In 2012, Chelsea FC won the Champion’s League for the first time in their history. Nearly 70,000 fans sat and watched the dramatic conclusion inside the gigantic Allianz Arena, as the English team won on penalties to consign Germany’s Bayern Munich to defeat on their home turf. Chelsea’s fans celebrated wildly and took photos as their team paraded the trophy around the pitch. In among the celebrations one of those fans, Professor Ian Wakeman, was struggling to upload his selfie. No matter what he tried, his phone couldn’t get a signal.
This is a problem common to many modern sports stadia, or anywhere with a large enough gathering of people. Anyone who’s tried to email or make a call on a smartphone in such a situation will know how difficult it is to get connected when there are thousands of other phones in use all around. What most sports fans won’t know is that there is a potential solution – but as a computer scientist and Professor of Software Systems at the University of Sussex, Ian did. By pooling resources and connecting multiple phones together to create a network, every phone could end up with an improved signal, without the need for installing new WiFi or 3G infrastructure. Thinking that the solution might present a business opportunity, he brought the idea to Sussex Innovation.
Based on initial market research, our advice was that there was a clear commercial opportunity, but both the live sports and communication technology markets were changing fast. It was vital to move quickly and gain market share while Ian’s solution was at its most relevant. The obvious place to demonstrate the technology was at Brighton and Hove Albion’s American Express Community Stadium, built just two years earlier across the road from the University’s campus. As a season ticket holder, Ian was delighted with the chance to work with his local team.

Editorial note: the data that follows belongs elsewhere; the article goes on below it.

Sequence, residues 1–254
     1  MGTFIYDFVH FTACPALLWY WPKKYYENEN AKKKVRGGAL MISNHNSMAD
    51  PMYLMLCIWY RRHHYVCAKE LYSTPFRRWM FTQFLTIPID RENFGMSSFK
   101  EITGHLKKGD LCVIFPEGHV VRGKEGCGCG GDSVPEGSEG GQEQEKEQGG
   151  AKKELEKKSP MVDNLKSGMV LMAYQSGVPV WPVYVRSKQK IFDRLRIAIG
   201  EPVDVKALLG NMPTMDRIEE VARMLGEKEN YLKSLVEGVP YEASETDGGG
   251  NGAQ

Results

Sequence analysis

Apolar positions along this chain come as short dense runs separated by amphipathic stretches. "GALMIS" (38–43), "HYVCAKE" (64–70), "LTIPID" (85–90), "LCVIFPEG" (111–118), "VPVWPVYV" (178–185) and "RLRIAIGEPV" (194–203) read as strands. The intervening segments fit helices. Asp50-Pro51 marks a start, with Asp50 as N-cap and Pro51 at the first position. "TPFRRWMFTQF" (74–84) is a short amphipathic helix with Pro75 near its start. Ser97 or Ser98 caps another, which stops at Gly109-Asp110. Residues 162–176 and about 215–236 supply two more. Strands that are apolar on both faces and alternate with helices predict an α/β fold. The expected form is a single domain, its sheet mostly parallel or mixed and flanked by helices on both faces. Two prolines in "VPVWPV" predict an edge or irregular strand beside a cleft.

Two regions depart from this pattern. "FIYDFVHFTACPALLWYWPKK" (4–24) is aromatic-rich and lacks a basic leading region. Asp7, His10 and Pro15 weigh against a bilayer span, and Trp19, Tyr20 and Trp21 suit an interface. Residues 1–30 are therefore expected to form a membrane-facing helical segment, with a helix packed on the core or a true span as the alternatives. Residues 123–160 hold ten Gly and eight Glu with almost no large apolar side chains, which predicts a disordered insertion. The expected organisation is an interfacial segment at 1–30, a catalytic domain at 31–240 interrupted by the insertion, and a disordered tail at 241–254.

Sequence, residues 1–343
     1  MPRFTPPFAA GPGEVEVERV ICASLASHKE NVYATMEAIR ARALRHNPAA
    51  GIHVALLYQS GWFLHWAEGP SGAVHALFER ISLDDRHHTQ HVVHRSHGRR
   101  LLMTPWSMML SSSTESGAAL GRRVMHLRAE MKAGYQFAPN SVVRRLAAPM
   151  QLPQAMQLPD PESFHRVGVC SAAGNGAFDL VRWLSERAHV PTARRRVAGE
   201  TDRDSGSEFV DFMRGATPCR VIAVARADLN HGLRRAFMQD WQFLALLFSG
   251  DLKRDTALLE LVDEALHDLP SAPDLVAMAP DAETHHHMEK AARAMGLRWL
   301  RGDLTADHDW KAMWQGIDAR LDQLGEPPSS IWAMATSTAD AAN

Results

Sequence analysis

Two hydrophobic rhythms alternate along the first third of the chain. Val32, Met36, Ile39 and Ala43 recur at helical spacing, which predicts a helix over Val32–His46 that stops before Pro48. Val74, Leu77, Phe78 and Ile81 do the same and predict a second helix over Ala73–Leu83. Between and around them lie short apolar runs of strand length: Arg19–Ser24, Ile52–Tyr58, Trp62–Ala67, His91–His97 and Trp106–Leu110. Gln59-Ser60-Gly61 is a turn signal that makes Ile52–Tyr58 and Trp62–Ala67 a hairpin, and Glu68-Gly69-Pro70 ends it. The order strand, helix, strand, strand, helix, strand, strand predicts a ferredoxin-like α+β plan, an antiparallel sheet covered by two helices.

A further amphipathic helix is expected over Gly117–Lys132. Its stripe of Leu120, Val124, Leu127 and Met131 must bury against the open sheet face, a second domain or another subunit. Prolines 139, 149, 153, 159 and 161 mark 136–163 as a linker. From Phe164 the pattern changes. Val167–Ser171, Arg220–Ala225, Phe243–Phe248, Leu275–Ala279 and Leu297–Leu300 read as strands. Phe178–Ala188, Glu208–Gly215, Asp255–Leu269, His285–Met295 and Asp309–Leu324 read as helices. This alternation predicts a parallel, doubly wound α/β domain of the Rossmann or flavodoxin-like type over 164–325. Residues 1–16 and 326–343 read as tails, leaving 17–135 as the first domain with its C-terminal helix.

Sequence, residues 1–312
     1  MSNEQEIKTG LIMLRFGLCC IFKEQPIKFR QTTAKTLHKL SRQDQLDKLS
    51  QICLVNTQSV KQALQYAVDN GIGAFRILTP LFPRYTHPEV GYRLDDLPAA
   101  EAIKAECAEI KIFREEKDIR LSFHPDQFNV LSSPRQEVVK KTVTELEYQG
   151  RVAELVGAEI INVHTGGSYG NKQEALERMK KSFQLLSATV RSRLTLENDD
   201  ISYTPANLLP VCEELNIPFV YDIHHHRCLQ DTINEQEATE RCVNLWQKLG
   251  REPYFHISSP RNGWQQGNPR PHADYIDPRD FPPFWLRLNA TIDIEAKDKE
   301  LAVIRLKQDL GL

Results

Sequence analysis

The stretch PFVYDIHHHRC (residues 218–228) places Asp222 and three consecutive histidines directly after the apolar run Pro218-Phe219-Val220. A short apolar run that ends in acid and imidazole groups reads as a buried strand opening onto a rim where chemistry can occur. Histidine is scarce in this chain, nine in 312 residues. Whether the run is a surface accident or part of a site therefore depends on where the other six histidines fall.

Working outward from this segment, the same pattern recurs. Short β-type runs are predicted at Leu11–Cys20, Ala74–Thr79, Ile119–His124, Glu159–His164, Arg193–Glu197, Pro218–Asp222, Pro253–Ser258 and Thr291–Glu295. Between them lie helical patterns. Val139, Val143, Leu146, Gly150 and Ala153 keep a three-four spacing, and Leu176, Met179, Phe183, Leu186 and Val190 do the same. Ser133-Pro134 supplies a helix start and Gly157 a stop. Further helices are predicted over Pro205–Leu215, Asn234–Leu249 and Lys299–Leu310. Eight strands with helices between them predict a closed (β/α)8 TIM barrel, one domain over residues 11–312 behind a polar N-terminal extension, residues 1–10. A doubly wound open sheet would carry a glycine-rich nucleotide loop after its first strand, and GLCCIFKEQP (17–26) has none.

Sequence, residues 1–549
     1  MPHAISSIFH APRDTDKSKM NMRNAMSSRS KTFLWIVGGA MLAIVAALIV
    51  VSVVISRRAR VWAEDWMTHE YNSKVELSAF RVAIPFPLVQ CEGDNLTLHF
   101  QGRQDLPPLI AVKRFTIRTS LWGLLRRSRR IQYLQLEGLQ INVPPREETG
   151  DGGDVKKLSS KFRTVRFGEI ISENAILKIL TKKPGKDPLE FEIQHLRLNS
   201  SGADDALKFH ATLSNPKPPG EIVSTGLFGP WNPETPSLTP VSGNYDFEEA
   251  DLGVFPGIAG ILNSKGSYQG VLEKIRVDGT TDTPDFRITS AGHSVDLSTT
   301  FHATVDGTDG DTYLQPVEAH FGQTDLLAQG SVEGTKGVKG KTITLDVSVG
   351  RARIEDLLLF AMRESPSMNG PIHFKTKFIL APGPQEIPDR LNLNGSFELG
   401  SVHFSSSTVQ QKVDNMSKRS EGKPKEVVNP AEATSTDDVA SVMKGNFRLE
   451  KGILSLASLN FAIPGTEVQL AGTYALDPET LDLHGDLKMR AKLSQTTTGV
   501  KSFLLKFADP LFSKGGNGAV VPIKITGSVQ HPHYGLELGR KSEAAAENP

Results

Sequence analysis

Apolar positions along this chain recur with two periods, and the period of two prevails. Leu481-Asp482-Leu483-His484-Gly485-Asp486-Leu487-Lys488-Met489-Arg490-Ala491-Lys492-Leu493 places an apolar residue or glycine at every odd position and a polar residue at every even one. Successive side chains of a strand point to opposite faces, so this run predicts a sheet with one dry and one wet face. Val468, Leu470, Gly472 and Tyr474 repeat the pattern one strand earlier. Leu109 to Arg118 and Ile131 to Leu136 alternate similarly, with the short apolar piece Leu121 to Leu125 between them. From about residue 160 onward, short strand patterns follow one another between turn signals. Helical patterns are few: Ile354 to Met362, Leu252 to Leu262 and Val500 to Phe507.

Building a digital stadium
Representatives from the club were invited to meet Ian at the Sussex Innovation Centre and find out how a software solution could help them develop better contact with their fans during matches – without the massive expense of equipping their stadium with new infrastructure. As an added benefit, behavioural research showed that a club mobile app could help increase the time and money that fans would spend inside the ground. A trial of the ‘Digital Stadium’ app was arranged, and Ian and his team set to work building it in time for the last few matches of the 2012-13 season. The trial was a huge success with fans and club alike.
Securing the necessary finance
Sussex Innovation recommended a chairman and investors with experience in the mobile communication sector to help oversee and advise the newly formed spinout company, which was named TribeHive. The project received R&D funding from the Engineering and Physical Sciences Research Council, and TribeHive rolled out products for six Football League clubs during the 2013-14 season. The league gave its backing, including access to official data partner Opta, and the innovation was covered on the BBC, in the Times, the Telegraph and the Guardian.
As they grew, TribeHive encountered a very common problem – how to expand their team sustainably in line with revenues. The recently launched Catalyst scheme at Sussex Innovation offered the solution. One of our group of mentored students, Charlie, worked initially for two mornings a week looking after their existing clients, enabling the founders to focus on business development. The additional time that Catalyst afforded them led to the company securing new investment from experienced sports business professionals who helped to grow the company further. When his placement year was over, Charlie became a full time employee at TribeHive, joining along with the three new developers that the business could now afford.
What the future holds
By September 2015, TribeHive was delivering a range of products for eight different clubs, as well as making apps for the Football League itself and exploring wider markets. And with any luck, next time Ian’s team lifts a trophy he’ll be able to get a signal.